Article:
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Author Hassan Zadeh, Amin
Title Actuarial applications of multivariate phase-type distributions: Model calibration and credibility
book jacket
Descript 95 p
Note Source: Dissertation Abstracts International, Volume: 71-05, Section: B, page:
Thesis (Ph.D.)--Universite de Montreal (Canada), 2009
Phase-type (PH) distributions are used as probability models for positive random variables. Their origin stems from the works of Neuts published in the early eighties. The first applications are found in operational research as models for waiting times in the field of queuing theory. Probability models in actuarial science are also fraught with positive variables such as losses and survival times which may explain the recent interest of actuaries in PH distributions. Statistical estimation of PH distributions with the EM algorithm was developed in the mid nineties by Asmussen and his coworkers. Actuaries have also applied this class of models to risk theory and ruin probabilities. Extensions to multivariate PH distributions were also developed in the eighties following the seminal work of Neuts. They can serve as models for the joint probability distribution of two or more positive random variables
The first paper treats of maximum likelihood estimation by the EM algorithm and goodness-of-fit tests by parametric bootstrap when the model is a bivariate PH distribution. Ahlstrom and his coworkers published in 1999 an EM algorithm for the parametric estimation of relapse time distributions in survival analysis. They used a bivariate PH distribution with one component greater than the other component with probability one. Although the EM method proposed in this thesis is similar, our model is more general. Moreover, we show how to evaluate with any desired degree of accuracy the Spearman or Kendall corrrelation coefficients of the fitted bivariate PH model. These correlation coefficients can then be compared with the non parametric Spearman or Kendall coefficients based on ranks. A close agreement is an indication of the validity of the model. A consistent goodness-of-fit testing procedure is proposed which compares the fitted (bivariate) parametric survival function with the empirical survival function using a statistic of the Cramer-von Mises type. A parametric bootstrap algorithm is also provided to obtain the critical region of the proposed test. The results are used to fit real data in the insurance industry relating losses (LOSS) and allocated loss adjustment expenses (ALAE). To our knowledge this is the first time that bivariate PH distributions are used to fit real data. The fitted bivariate PH distribution is used to obtain the quantiles and the mean of the conditional distribution of the variable ALAE for a given value of the other variable LOSS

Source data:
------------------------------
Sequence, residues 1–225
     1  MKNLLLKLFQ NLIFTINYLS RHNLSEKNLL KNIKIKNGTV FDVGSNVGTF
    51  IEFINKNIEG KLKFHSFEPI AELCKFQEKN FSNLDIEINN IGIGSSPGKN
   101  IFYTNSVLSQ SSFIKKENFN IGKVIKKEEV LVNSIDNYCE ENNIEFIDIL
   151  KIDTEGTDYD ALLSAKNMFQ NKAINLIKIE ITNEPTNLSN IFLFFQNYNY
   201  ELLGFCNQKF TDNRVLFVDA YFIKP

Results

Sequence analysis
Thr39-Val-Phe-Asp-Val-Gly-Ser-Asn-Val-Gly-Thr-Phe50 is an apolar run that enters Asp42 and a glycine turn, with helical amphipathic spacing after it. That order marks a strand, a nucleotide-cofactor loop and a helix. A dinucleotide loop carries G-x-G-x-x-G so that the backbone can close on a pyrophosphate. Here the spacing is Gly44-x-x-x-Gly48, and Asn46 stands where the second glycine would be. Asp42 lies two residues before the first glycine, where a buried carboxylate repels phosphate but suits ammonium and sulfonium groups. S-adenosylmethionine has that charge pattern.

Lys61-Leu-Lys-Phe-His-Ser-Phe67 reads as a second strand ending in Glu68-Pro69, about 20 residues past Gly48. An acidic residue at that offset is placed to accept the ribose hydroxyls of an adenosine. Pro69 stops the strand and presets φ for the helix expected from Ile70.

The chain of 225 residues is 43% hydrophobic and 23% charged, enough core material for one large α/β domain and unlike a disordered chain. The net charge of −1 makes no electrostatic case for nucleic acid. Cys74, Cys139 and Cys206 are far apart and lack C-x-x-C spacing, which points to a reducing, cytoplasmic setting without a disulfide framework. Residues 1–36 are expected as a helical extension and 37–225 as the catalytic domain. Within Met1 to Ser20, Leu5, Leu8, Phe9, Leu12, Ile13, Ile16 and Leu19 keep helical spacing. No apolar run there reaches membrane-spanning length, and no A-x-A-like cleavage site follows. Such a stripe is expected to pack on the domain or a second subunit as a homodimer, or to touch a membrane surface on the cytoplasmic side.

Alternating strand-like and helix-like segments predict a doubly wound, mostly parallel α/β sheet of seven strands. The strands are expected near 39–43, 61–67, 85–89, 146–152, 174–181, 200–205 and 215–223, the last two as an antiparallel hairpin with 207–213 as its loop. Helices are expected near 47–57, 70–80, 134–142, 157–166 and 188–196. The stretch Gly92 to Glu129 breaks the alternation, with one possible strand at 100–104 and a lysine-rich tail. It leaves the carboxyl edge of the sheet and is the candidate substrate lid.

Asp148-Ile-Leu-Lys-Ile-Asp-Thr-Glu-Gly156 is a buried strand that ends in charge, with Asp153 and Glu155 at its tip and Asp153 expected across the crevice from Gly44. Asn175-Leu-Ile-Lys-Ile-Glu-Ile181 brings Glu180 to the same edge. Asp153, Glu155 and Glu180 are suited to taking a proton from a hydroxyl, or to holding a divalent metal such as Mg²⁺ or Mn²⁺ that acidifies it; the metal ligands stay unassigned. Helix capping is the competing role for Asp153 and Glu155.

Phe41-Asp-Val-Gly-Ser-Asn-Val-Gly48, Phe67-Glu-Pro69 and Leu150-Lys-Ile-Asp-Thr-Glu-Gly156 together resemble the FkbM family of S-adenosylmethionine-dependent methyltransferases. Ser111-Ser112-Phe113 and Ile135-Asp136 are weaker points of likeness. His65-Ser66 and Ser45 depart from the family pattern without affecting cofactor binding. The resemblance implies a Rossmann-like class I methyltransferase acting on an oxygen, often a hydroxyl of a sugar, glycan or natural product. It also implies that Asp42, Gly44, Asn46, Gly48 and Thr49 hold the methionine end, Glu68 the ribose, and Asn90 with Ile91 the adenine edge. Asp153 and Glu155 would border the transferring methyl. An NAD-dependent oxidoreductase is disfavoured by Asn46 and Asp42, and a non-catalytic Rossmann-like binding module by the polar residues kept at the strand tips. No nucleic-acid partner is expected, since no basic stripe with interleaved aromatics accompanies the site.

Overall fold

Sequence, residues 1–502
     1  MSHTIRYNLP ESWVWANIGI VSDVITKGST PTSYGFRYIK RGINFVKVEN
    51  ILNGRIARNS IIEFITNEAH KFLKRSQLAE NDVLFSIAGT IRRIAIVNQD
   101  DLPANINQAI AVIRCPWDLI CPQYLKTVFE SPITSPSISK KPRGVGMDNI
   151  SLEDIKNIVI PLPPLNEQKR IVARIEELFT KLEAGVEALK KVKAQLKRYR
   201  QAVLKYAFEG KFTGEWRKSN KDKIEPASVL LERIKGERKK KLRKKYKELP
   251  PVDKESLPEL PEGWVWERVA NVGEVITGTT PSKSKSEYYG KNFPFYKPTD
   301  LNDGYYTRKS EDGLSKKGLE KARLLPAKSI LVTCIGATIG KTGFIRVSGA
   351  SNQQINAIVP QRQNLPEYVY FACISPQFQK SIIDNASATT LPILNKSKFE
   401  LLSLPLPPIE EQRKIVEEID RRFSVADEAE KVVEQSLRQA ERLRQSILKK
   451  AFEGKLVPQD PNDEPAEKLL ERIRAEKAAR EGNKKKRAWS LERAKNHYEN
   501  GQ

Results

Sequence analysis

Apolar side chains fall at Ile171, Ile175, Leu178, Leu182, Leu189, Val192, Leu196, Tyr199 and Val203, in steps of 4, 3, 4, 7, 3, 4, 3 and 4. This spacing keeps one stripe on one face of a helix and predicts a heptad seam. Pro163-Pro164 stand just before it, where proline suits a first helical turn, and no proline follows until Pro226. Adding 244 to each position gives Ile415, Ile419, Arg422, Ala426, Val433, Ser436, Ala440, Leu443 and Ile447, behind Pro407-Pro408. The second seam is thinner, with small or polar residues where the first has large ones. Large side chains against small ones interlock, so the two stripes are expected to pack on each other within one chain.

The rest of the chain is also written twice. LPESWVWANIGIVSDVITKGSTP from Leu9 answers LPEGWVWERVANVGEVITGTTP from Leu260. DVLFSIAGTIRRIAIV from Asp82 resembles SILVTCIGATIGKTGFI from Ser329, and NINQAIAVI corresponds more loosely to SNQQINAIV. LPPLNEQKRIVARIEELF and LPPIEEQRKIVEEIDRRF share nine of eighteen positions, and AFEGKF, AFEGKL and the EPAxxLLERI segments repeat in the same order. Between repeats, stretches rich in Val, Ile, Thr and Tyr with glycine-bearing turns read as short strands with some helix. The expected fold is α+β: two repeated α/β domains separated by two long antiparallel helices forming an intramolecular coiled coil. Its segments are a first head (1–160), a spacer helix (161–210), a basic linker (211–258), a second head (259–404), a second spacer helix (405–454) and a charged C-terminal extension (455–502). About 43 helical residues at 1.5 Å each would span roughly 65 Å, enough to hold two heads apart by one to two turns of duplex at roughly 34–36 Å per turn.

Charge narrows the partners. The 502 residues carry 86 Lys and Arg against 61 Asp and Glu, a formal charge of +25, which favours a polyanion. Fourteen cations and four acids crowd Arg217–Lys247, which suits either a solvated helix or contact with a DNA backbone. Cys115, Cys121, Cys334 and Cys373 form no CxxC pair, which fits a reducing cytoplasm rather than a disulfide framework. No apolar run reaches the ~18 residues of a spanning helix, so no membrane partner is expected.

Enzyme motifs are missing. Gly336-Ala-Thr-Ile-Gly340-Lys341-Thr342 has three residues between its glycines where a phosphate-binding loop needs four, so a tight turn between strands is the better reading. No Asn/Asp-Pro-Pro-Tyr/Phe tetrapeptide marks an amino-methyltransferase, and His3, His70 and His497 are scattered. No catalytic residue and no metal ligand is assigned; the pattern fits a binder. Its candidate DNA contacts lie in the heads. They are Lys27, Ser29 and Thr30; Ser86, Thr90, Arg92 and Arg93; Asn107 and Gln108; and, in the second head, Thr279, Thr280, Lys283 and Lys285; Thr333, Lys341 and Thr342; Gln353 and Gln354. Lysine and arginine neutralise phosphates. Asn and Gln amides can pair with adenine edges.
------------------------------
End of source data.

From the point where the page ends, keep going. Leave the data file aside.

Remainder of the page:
The second paper extends Jewell's theorem in credibility theory to a larger class of distributions, outside of exponential distributions or even the linear exponential family. Jewell's Theorem proves that exact credibility occurs in the univariate and multivariate linear exponential family of conditional distributions, when paired with the appropriate conjugate prior distribution. Here, exact credibility is discussed in a univariate and multivariate PH setting. Hidden Markov chains are used, embedding the unobservable risk parameters in the PH distributions
KEY WORDS : Phase-type distributions; continuous Markov processes; hidden Markov chain; EM algorithm; parametric bootstrap; exact credibility; coxian distributions; Jewell's theorem
School code: 0992
Host Item Dissertation Abstracts International 71-05B
Subject Statistics
Alt Author Universite de Montreal (Canada)
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